Federal regulator urges foreclosure halt
John Reich, director of the Office of Thrift Supervision, said that by doing so, thrifts “would be supporting the national imperative to combat the economic crisis.” But cooperation with the request is voluntary.
The Obama administration plans to spend $50 billion to combat foreclosures of owner-occupied middle-class homes, but is divulging few details. An announcement of the administration’s housing plans is expected in the coming weeks.
“We’re urging them to do it, but we’re not going to try to force anyone to comply,” said William Ruberry, a spokesman for the thrift agency. “We thought it was reasonable — because the details (of the government’s plans) are expected to be imminent.”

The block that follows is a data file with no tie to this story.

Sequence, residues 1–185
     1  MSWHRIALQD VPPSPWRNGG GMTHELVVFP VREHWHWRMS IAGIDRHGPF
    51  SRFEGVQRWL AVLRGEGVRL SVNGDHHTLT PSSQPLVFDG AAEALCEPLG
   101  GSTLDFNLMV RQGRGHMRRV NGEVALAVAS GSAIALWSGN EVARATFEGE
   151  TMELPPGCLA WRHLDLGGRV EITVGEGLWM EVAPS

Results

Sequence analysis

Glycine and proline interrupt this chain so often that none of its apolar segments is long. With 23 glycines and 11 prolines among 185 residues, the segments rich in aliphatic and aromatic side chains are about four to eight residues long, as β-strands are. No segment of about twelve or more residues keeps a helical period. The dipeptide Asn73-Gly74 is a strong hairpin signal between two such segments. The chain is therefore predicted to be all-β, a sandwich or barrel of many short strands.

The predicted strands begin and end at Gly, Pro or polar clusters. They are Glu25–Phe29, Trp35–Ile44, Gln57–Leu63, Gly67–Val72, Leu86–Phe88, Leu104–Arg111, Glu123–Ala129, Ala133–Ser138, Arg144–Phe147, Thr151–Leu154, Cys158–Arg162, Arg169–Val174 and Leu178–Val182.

Thrifts differ from banks in that, by law, they must have at least 65 percent of their lending in mortgages and other consumer loans — making them particularly vulnerable to the housing downturn.
Some of the largest thrifts have collapsed over the past year. The failure of Seattle-based Washington Mutual Inc. in September was the largest bank collapse in U.S. history. IndyMac Bank, a Pasadena, Calif.-based thrift, failed last July in a prelude to the broader financial crisis that erupted in September.
The institutions regulated by the Office of Thrift Supervision range in size from small community banks to big institutions like ING Bank, part of Dutch financial giant ING Groep NV.
Thrifts are being closely examined by federal inspectors for signs of heavy exposure to declining markets, or troubled areas such as construction and real estate loans.
Twenty-five U.S. banks failed last year, far more than the previous five years combined, and nine banks have failed so far this year. It’s expected that many more banks won’t survive this year amid the pressures of tumbling home prices, rising mortgage foreclosures and tighter credit. Some may have to merge with other institutions.